This simplification of language, moving it further away from its more literal, visual roots, is an interesting phenomenon because it quite clearly suggests that the system is creating a language that will be disconnected from the world, and will therefore be disconnected from the majority of the people. So, with the emergence of the shaman, and the specialization of all that is mystical, we also see, almost simultaneously, a separation of language and the common people. Soon the divide between the privileged and the conmen people will have become so necessary that a specialized language is created. The role of Art becomes the language that speaks to a great mass of people who were not of the privileged class. I am suggesting at this point in time that there are two different languages in action. A language created to allow the elite to be or feel like they are closer to all things metaphysical and in control of all that means Latin, and the other language, Art, which is mostly used to feed the masses just enough; enough to promulgate morals, law, and order. One should not see the jump in our dialog here at all as a jump at all. Remembering that when examining Art History, we are adopting T.S. Elliot’s argument, for needing to examine history in a broader sense, meaning just because we are here in highlighting Latin as the elite language, in a broader sense we can understand that Latin itself developed from cave markings. Further this allows that other languages did take position in the elite long before Latin. I will suggest in further pages that Art may now in fact be a language of the elite.

We can see the echo of the Venus of Willendorf everywhere from Ishtar, Hestia, Lilith, Mary Magdalene, and needless to say, Mary the mother of Jesus the Christ. I would even go so far to say that, abstractly, the Christ himself has taken on aspects belonging to the Venus. For us the Venus in and of all her manifestation is for us simply is a complex language form. This brings us to a point where I will make vary overstated observations. Of course, it is something I must cover in order that we might move into how the art language plays a role in the modern world. To preface the next level of our discussion: it is important to understand that all things of the system are repetitive. What I am saying here is that things adopted by the “system of power” repeat themselves. For example, fashion, music, and yes language forms all cycle back around into popular culture.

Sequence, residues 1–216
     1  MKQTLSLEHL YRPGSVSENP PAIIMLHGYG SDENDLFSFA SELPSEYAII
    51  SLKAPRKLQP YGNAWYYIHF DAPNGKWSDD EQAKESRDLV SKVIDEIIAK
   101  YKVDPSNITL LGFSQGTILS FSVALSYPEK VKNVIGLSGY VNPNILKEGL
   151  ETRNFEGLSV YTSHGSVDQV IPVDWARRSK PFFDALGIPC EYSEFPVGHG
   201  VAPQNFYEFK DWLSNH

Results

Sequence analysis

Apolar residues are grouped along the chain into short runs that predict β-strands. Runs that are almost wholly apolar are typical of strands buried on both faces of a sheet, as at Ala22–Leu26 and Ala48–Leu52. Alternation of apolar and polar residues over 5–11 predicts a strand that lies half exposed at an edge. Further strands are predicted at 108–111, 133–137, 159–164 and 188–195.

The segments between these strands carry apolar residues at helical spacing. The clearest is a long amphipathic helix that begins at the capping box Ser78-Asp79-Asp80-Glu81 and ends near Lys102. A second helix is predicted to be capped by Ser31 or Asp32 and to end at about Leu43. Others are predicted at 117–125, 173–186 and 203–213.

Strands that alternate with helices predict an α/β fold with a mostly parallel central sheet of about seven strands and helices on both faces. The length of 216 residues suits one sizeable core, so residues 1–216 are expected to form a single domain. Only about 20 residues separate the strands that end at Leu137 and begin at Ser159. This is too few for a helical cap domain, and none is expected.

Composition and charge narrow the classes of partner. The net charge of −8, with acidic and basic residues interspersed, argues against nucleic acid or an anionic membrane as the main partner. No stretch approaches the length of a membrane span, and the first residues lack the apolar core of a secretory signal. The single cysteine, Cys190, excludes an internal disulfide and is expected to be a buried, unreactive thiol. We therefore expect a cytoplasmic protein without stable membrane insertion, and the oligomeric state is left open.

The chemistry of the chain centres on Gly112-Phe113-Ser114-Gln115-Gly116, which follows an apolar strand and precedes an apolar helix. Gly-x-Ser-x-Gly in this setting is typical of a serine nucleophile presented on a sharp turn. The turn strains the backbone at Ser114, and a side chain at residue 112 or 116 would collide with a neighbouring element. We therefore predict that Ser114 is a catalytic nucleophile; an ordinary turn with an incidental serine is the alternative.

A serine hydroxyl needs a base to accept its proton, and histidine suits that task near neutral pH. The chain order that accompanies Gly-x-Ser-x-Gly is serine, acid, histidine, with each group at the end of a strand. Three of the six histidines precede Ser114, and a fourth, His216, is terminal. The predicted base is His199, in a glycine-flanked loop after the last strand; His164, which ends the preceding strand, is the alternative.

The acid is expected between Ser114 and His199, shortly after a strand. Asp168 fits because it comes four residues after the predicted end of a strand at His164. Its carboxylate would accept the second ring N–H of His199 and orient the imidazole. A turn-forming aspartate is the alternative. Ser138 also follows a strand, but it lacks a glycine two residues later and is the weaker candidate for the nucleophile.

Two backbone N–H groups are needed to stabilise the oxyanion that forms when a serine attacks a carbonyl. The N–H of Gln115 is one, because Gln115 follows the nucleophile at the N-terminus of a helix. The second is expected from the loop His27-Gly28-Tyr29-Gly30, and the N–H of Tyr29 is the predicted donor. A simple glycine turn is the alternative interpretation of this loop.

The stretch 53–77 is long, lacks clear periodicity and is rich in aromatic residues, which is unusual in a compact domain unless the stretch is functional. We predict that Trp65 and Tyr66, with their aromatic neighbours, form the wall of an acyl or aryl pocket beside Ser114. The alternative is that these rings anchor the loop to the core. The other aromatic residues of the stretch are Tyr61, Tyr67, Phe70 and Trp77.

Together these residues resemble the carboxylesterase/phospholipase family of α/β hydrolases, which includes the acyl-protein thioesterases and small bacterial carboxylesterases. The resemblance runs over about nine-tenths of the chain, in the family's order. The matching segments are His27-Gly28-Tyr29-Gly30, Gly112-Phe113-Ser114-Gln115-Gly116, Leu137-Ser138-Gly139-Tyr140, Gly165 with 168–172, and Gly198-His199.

Do not think that the goddess vanished with the advent of the Christian system. She was merely transformed, moving into shapes and names like the Virgin Mary and Mary Magdalene. She in fact connects us to a history of goddesses that came long before the Marian figures. So we are not leaping forward when looking from Paleolithic to Christian; we simply have to look more deeply. With a deeper inspection Ishtar appears as well as countless Greek and Roman references within Christian art. This brings me to the last point in the first part of this paper: history is not a linear perspective, but must be seen broadly. The human language is in constant dialogue with itself. With this perspective we can understand that the goddess is alive, the language is constant, and has moved from the Paleolithic to the present. We must understand that although systems fall, fragments of them are carried in the tradition and the art, which is the language, of the present day. (Elliot, 2)

I have been laying the foundation that will bring us into a full discussion about art as language in the present day. It is important to understand that we are hard-wired as human beings to make art. I wanted to illustrate that Paleolithic connection by giving a brief albeit overly-simplified history of this dialogue through its connection with expressing the metaphysical. It is important to show how the language is in action. As we progress, I will reinforce how our Paleolithic mind must use art to explore our world. By denying the common person, art as a process for decoding and coding their world, one can control the masses more effectively.